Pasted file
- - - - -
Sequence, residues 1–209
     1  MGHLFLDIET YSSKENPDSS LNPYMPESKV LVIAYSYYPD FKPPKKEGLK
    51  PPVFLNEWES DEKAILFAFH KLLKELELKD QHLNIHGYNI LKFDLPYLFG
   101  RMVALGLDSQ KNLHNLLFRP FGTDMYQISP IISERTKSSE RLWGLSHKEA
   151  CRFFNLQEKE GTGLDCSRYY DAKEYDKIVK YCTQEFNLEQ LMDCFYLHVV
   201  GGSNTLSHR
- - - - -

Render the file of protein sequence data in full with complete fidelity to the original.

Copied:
Sequence, residues 1–209
     1  MGHLFLDIET YSSKENPDSS LNPYMPESKV LVIAYSYYPD FKPPKKEGLK
    51  PPVFLNEWES DEKAILFAFH KLLKELELKD QHLNIHGYNI LKFDLPYLFG
   101  RMVALGLDSQ KNLHNLLFRP FGTDMYQISP IISERTKSSE RLWGLSHKEA
   151  CRFFNLQEKE GTGLDCSRYY DAKEYDKIVK YCTQEFNLEQ LMDCFYLHVV
   201  GGSNTLSHR